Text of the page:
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Put your faces back on, ladies: Why the #nomakeupselfie trend has to stop


A simple U.K. fundraising campaign got lost in translation. The #nomakeupselfie – women posting photos of themselves sans makeup to social media, donating to cancer research, and then nominating others to do the same – has gone on for too long. The road paved with good intentions took a wrong turn: the campaign has crossed the pond – and with it, lost all purpose.

In mere weeks, the campaign has raised £8 million for Cancer Research UK, which writes that it can now fund 10 new clinical trials. These efforts should be applauded. But in my very Canadian news feed, just 1 of the roughly 30 Canadian women posting #nomakeupselfies made any sort of mention of cancer.

On the Globe's Facebook post about the trend, reader Angela Menard commented: "90 per cent of the 'no make up selfie' posts on my news feed didn't even mention the word cancer. I had to google what it was all about. When I got nominated, I posted a pic of a self breast examination."

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Also problematic is the assumption that makeup is masking our true beauty: If you feel like you're not your #authenticself with mascara on, by all means stop wearing it. But let's not forget that makeup can make some of us feel pretty.

I cannot read another "unmasking, feeling so brave" post. The implication of this trend, that makeup is a mask forced on women by society, hiding our true beauty, is #untrue. If the real you feels beautiful with lipstick, apply liberally, I say.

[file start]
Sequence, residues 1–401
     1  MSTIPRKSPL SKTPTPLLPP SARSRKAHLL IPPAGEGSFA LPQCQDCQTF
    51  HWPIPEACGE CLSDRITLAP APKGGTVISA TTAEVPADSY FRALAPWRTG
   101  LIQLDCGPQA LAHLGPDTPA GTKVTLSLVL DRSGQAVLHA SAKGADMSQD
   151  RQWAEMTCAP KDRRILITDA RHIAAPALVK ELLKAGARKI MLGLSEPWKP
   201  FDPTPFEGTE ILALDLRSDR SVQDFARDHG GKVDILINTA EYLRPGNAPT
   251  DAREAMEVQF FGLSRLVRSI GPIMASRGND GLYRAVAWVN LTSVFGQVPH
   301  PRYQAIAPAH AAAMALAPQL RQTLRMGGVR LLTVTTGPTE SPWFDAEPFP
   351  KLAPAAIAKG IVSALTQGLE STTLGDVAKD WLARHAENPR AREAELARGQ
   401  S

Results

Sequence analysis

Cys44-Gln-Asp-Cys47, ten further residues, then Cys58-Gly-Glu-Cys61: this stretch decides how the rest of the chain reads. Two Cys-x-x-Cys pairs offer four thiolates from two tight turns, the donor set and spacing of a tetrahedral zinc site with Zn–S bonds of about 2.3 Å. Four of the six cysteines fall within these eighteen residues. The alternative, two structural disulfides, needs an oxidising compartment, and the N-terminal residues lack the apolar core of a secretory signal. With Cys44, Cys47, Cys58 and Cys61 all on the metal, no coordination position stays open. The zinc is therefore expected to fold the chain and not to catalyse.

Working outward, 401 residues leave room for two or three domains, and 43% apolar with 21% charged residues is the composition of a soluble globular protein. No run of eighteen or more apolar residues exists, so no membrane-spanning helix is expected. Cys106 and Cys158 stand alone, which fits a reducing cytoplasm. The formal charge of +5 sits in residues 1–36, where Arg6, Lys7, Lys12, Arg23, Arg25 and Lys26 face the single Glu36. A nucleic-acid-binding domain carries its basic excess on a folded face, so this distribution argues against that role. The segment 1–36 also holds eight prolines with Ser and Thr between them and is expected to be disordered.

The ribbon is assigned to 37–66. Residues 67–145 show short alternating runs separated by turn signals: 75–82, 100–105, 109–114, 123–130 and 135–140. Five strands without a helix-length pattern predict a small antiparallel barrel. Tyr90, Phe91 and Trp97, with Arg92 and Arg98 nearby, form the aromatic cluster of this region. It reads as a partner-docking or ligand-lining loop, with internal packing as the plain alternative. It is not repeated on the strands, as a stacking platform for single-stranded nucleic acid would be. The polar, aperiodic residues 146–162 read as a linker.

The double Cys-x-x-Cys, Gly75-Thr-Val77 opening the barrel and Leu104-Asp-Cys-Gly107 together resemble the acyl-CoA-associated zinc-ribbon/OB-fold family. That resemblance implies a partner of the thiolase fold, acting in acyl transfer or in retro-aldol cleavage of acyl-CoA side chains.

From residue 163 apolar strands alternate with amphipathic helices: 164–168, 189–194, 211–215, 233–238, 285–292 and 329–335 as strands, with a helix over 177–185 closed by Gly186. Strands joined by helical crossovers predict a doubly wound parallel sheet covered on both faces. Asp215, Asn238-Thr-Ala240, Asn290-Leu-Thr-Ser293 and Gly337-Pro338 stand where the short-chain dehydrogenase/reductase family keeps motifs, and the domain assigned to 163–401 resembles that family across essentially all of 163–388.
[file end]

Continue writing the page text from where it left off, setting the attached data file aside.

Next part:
Yes, the era of social media-ing everything has turned us all into self-involved navel-gazers, and this trend is no different in Canada. The unspoken truth of selfies: you took seven photos of a near-identical pose, stuck your chin out a bit more, adjusted the lighting, then passed it off as natural.

For me, the connection between makeup and cancer is unclear: I'm not sure men not shaving in November truly helps the prostate cancer cause, and I'm not sure simply taking a photo without makeup aids in a breast cancer cure. Cancer is horrid – I have friends and family coping with the disease, and I assure you there is more to do than reach for the makeup remover.

Let's be active: I hope that starts with an exam, learning about your family history, and talking to your doctor.

Follow @amberlym on Twitter

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About the Author
Editor in the Opinion section

Amberly McAteer is an editor in the Opinion section at The Globe and Mail. She has been a homepage editor, online editor and community editor in Features - including Life, Travel, Style, Arts and Books. She's written columns about her quest to run a 10K and find the perfect dog. More


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